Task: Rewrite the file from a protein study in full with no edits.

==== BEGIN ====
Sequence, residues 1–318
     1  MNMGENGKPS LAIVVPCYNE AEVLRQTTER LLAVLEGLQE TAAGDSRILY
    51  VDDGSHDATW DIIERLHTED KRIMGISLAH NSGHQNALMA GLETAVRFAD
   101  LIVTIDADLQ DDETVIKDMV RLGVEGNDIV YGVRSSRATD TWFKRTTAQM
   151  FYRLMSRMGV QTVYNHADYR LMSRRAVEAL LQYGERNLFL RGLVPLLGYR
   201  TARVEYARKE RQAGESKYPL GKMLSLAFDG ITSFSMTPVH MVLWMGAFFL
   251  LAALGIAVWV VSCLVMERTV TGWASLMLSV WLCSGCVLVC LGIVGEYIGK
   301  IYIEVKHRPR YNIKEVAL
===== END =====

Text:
Sequence, residues 1–318
     1  MNMGENGKPS LAIVVPCYNE AEVLRQTTER LLAVLEGLQE TAAGDSRILY
    51  VDDGSHDATW DIIERLHTED KRIMGISLAH NSGHQNALMA GLETAVRFAD
   101  LIVTIDADLQ DDETVIKDMV RLGVEGNDIV YGVRSSRATD TWFKRTTAQM
   151  FYRLMSRMGV QTVYNHADYR LMSRRAVEAL LQYGERNLFL RGLVPLLGYR
   201  TARVEYARKE RQAGESKYPL GKMLSLAFDG ITSFSMTPVH MVLWMGAFFL
   251  LAALGIAVWV VSCLVMERTV TGWASLMLSV WLCSGCVLVC LGIVGEYIGK
   301  IYIEVKHRPR YNIKEVAL